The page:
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Have Fun the Day After

On the day after Christmas last year, my 4-year-old, Kate, woke up and started searching under the tree for the one present she might have missed. There was nothing there, but that didn't stop her. She simply wasn't ready for the holidays to be over. All day long, she'd pitifully inquire about exactly when Santa would come again, my answer clearly never the one she'd wanted.

As Kate examined the barren space beneath the tree and looked for the stockings I had already taken down, I felt pure joy. Joy over the fridge full of leftovers (no cooking for a few days), the houseguests all gone, and my shopping, wrapping, and entertaining behind me. Life suddenly felt wonderfully uncomplicated. The truth is, I felt like my holiday was just beginning.

But while many a mom might be excited to get on with the new year and leave the stress and to-dos of Christmas behind, a child's desire to savor one more moment of gift giving, celebrating, and family togetherness can be a challenge. That's why the key to enjoying the day after (and the ones after that) is to have some interesting new activities at the ready that'll keep the troops from crashing and burning after their holiday high. To make the 26th of December special in its own way:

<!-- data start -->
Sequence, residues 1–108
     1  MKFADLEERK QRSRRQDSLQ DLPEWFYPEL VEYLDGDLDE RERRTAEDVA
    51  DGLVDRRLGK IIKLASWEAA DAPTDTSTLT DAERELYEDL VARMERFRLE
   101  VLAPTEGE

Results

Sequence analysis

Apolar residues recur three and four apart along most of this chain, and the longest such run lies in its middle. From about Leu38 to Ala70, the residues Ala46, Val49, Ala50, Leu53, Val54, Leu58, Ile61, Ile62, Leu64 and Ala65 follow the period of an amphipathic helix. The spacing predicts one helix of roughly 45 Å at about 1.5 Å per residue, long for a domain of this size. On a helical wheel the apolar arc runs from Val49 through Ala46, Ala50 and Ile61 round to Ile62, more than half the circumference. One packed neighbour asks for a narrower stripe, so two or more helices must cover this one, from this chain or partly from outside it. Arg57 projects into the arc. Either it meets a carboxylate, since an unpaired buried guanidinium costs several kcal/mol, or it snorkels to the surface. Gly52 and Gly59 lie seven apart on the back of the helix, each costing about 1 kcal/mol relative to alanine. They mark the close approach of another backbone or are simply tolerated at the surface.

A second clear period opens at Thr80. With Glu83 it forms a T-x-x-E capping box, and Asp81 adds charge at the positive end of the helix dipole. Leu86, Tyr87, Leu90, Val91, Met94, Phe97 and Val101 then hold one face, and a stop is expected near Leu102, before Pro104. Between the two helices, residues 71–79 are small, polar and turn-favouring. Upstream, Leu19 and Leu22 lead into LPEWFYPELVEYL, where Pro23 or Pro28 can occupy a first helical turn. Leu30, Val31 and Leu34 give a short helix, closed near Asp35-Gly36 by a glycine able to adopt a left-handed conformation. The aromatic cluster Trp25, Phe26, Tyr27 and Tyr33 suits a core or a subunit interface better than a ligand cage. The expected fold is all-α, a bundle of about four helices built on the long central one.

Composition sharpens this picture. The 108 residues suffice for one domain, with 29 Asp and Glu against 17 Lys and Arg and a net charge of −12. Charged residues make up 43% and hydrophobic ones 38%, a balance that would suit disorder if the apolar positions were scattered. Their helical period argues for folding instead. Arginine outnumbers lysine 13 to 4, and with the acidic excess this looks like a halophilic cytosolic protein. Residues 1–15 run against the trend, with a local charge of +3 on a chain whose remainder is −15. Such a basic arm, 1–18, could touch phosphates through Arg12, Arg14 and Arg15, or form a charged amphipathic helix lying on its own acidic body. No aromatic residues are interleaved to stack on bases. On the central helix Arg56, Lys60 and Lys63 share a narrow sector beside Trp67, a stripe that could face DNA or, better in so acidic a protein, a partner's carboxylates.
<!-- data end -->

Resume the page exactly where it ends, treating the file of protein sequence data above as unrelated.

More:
1. Read together Read your child's favorite holiday books to him one last time next to the tree or by the fire, boxing them up as you finish each one.

2. Make it "Dog Day" Odds are that your four-legged pal's been without a walk or much attention all week. Declare that the 26th is Canine Christmas, and have a pooch party. Make some dog decorations with markers or crayons and construction paper and hang them around the house. Spruce up your pet with a few holiday ribbons and bows. Wrap up dog treats in small packages, and let him sniff his presents before you open them with him. Serve doggy bones on holiday paper plates. When you're done, take him on a long walk.

3. Pull out the presents Have your kids line up all (or some) of the new toys on the floor or on a table and spend the morning examining and playing with each one. The two-for-one bonus: You can take photos of your children with each toy or book that was sent from family or friends who weren't around on the holiday. Then, when you print out or develop the pictures, jot down what your child loves most about the present on the back of the photo, and slip it in an envelope to mail for a quick and easy personalized thank-you note.

Barbara Rowley, a mother of two in Big Sky, Montana, is halfway through writing a novel about motherhood.

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